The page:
1. Your blog is inspirational. It gives hope to those who are currently feeling that exercising regularly is impossible.


  2. Thanks for taking the time to share your thoughts. Go easy on yourself with exercise. I would have never dreamed that I would have managed to incorporate it into my life on a regular basis…the interesting thing I find now is that the more I do it, the more time I have for other things. I think the key is to find something you can at least tolerate for a brief amount of time to get a habit started. For a long time, walking with a buddy was what I did because that didn’t feel like exercise, but it helped me to develop the habit. Good luck!

  3. I’m totally one of those who love to exercise. But, I lose my drive when I don’t see the results. I start asking, “why do I even bother?” I am always trying to re-focus my mental game on the “other” benefits of exercise. For me, those benefits include: mental space, relaxation, time where I am not in charge of anything or anyone (step aerobics anyone?), mood improvement, sense of accomplishment, dance movement (where else can you move your body to a choreographed 8 count rhythym?), enjoyment of nature on a sunny day, and me-time. Sometimes, these other motivations keep me wanting to stick with the exercise even when I don’t feel like it.

  4. I couldn’t agree more with your ideas of looking for other benefits to exercise! I firmly believe that I get as much emotional benefit from sweating as I do the physical payoff. I may not always enjoy it, but I see such huge results emotionally and physically that it is worth the effort!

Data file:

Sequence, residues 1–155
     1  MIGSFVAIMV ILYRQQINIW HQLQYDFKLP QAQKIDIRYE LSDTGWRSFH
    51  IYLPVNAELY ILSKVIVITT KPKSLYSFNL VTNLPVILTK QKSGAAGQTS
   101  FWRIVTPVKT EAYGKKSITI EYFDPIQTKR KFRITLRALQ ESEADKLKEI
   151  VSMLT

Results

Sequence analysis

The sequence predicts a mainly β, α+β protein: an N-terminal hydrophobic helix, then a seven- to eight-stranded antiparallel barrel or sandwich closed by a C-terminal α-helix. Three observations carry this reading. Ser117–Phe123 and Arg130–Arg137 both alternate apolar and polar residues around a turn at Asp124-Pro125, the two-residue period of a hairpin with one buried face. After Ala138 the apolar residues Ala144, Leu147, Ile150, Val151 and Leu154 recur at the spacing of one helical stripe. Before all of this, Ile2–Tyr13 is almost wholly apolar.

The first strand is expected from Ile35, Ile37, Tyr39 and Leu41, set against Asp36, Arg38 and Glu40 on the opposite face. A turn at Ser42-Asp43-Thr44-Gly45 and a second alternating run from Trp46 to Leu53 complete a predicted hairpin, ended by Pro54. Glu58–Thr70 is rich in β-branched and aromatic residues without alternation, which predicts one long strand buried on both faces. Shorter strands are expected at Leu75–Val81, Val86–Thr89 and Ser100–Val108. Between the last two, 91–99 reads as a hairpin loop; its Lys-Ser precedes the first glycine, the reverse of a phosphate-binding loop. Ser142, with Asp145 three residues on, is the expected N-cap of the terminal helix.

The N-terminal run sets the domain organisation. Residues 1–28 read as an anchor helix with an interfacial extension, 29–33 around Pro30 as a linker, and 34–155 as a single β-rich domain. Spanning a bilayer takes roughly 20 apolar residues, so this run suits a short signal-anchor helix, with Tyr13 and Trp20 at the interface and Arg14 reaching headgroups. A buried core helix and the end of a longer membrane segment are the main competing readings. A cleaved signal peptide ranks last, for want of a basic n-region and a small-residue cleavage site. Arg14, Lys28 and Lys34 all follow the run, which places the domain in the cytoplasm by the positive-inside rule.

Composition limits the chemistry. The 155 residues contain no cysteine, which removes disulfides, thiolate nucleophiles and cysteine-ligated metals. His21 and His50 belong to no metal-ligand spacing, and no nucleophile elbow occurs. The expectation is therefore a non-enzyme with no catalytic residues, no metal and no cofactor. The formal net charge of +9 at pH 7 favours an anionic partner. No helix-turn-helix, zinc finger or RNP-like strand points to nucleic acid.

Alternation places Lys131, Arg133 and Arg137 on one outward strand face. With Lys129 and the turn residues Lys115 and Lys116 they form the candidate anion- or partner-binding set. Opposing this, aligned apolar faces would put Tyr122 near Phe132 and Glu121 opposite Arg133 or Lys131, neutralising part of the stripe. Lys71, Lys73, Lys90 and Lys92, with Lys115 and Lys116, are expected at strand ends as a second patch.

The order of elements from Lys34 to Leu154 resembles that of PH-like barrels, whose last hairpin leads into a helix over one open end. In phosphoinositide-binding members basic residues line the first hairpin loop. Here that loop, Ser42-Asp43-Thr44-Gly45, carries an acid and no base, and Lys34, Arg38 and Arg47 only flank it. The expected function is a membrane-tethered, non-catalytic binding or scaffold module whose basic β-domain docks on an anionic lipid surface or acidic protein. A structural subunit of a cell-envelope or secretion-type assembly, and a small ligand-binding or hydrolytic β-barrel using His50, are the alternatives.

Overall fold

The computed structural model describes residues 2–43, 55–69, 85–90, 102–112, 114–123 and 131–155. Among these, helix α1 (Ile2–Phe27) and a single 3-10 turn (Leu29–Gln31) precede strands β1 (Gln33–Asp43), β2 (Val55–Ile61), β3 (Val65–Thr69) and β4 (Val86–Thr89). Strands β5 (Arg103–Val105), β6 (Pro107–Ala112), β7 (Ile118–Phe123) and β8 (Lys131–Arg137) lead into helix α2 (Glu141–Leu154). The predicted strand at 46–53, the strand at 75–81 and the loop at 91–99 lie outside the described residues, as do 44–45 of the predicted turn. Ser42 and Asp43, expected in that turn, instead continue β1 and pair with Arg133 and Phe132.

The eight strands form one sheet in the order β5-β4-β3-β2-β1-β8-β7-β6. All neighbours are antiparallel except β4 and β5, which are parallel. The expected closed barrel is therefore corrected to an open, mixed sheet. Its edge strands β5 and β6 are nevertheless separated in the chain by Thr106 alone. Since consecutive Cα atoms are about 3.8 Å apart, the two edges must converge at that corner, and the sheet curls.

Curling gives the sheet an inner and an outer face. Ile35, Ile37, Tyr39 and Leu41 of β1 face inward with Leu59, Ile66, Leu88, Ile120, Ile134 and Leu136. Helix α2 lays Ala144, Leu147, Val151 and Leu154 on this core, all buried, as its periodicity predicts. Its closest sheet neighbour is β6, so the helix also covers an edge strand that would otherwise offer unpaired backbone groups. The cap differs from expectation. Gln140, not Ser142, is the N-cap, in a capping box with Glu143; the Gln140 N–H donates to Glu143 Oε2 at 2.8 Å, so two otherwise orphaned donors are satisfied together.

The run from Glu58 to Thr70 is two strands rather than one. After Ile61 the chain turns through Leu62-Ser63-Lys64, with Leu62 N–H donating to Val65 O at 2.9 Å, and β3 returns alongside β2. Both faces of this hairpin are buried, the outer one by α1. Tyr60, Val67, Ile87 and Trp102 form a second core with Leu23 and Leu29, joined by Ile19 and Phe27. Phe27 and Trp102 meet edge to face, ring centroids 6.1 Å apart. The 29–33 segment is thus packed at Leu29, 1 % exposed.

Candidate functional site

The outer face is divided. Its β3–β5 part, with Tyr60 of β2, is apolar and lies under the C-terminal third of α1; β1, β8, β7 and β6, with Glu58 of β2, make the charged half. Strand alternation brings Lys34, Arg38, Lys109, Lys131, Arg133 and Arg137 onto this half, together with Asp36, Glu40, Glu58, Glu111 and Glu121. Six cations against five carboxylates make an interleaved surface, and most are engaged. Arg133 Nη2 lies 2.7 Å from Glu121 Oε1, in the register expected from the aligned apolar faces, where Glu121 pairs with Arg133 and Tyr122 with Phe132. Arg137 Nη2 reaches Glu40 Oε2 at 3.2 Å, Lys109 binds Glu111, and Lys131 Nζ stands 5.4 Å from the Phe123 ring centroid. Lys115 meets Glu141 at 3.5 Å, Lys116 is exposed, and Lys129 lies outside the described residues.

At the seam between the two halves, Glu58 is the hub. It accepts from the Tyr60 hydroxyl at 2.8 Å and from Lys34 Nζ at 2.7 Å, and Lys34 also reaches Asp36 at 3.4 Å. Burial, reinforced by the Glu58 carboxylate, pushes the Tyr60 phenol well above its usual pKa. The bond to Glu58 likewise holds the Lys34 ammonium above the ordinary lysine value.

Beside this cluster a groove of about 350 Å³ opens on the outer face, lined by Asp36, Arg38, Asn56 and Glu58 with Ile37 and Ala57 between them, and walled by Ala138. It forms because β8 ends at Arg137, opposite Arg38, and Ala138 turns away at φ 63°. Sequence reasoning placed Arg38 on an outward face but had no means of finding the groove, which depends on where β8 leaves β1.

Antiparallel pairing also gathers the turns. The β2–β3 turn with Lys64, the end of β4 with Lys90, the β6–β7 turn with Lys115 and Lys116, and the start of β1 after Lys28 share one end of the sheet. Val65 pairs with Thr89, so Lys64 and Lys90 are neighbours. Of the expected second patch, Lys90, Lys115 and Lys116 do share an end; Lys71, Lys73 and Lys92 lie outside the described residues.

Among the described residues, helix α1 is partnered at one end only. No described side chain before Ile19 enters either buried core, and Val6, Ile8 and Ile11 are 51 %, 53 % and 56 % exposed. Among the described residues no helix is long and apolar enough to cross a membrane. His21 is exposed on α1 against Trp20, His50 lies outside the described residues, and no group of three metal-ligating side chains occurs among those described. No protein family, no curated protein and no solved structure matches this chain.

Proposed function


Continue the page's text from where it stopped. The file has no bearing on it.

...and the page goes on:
5. It’s possible that we are the “hardcore” friends that Melissa is referring to. What she doesn’t realize is that we are lifelong members of “Couch Potatoes Anonymous”, and I’m a mental cupcake when it comes to enduring exercise hardship.

    For us, we have to summon the willpower to get moving with regular exercise, and then it has to be habitual for me to maintain that momentum. If not, I’m only 3-4 days away from mental despair and active couch potato status, then the agonizing mental process to re-engage must start all over.

    I suffer from another curse… I require variety. Workouts, active recreation (e.g. scuba, hiking, weights, cycling, etc), it all has to feel fresh and fun to me to maintain my interest level…. or again… I grow bored… talk myself out of working out… then one day turns into two and the next thing I know I’ve re-activated my CP status.

    So… I would encourage everyone to find something that they have fun doing. As others have said, when it doesn’t feel like exercise, it can go a lot better. I’m also blessed with a partner that is willing to do these things with me, and help motivate me. If you can find someone to participate with, it can also be good mutual motivation.

    Bob (and Penny)

  6. Yep! You provided a little food for thought on this post. Whether it’s hard core or reformed couch potato, it inspires me that you and Penny exhibit such dedication to work out. I may be a bit chicken, but I also have figured out that the key is to get moving in whatever form that takes!